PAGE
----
Is everything now a bubble and if QE turns off, will it burst?
26 January 2019
The addiction to abnormal monetary policy is proving troublesome for policy makers, says David Jane, manager of Miton’s multi asset fund range,
Many years ago we described QE as battlefield medicine, quite necessary at the time but with real danger of addiction if not exited early. Ten years after its introduction, attempts to exit QE are proving more problematic for the US than policy makers may have expected.
Despite a strong economic backdrop, Fed Chairman Powell’s attempts to tighten policy rates and Europe’s exit of QE appear to have stumbled against the barrier of rapid stock market falls and declining economic expectations. The message from markets seems clear, without free money the ‘everything bubble’ bursts. Powell’s more dovish comments have been assumed to imply further weakness in asset prices will be met with looser monetary conditions and, therefore, the party can continue.
Consequently, it’s reasonable to argue that the ‘everything bubble’ narrative is real. Market’s consistently negative response to any reduction of abnormal monetary policy supports that thesis, and what is harder to know is how and when it ends. It appears policy makers would like to end the QE era but feel they can’t move in any way that is destabilising to financial markets. Following Powell’s comments, expectations of US interest rate rises are now dramatically scaled back. The assumption is that if conditions deteriorate further, a new round of QE will be initiated.
Markets and economies now appear addicted to abnormal monetary policy and the consequences of any concerted attempt to exit appear too troubling for policy makers. So, perhaps we can confidently assert that the ‘Powell Put’ is firmly in place. We would not be so certain. As ever, reality is a lot more nuanced than such simple narratives.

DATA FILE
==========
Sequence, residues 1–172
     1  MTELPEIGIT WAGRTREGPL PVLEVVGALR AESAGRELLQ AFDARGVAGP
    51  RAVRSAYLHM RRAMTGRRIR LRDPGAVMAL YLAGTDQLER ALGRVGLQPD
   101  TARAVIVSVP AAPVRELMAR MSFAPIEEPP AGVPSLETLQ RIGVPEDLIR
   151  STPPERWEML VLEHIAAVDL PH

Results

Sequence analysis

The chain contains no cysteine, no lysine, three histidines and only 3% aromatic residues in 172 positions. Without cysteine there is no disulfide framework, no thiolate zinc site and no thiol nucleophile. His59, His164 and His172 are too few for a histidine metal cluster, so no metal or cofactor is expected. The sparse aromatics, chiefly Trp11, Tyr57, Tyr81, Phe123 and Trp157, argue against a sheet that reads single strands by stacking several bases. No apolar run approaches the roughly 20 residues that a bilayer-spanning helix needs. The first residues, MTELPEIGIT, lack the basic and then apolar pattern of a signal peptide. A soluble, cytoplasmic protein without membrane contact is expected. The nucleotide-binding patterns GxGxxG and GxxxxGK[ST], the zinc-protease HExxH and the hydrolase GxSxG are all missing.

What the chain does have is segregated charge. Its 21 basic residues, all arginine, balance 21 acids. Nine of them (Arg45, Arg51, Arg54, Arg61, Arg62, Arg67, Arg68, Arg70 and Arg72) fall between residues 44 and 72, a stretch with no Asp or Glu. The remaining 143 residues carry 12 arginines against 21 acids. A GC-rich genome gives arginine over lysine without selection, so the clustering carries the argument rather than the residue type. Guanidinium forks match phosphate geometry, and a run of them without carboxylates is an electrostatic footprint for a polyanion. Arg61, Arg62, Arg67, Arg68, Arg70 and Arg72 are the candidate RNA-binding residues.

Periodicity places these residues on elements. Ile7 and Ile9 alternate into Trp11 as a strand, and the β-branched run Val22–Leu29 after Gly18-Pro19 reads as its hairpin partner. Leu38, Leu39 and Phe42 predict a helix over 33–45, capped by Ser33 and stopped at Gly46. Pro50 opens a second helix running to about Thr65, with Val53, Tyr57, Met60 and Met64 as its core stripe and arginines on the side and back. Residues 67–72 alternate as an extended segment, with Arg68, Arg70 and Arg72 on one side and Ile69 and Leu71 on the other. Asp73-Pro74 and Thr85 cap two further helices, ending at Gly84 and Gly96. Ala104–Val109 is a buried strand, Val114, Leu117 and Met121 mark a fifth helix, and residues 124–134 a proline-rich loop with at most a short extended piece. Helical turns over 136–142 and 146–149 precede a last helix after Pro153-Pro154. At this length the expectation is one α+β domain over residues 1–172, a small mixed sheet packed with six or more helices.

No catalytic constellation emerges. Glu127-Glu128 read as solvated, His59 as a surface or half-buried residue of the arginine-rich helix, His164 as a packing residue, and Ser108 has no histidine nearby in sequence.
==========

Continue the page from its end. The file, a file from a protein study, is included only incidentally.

Markets could simply be attempting to read into recent events meaning that suits their existing prejudices. Those in the everything bubble camp can see it as above, but those on the other side can see the changes in interest rate expectations as reflecting a lower inflation outlook, on the back of a falling oil price, and the market moves as a healthy correction reflecting lower profits growth in 2019 than 2018, against a slower economic backdrop.
Our view sits a little in both camps. We have to be alert to the possibility that markets are so artificially inflated by years of free money that a reckoning is long overdue, and that recent moves are the start of something much more serious. At the same time, we are alive to the more likely prospect that we’ve seen another short-term setback to bring valuations back into attractive ranges. We are avoiding investments where the valuation is dependent on a high degree of optimism, either about the economy or an individual company’s prospects. We are also avoiding companies with high levels of debt, as these are always the first to get into difficulty if the economy slows or lenders become more discerning. Our corporate bond portfolios remain very short dated, complemented by some much longer dated government bonds and gold to act as downside hedges. On the positive side, there remain plenty of good quality businesses on attractive valuations, often with relatively low levels of dependency on the economy. Many parts of the market are now discounting very negative scenarios, with a lot of bad news already priced in to large parts of both the equity and bond markets.
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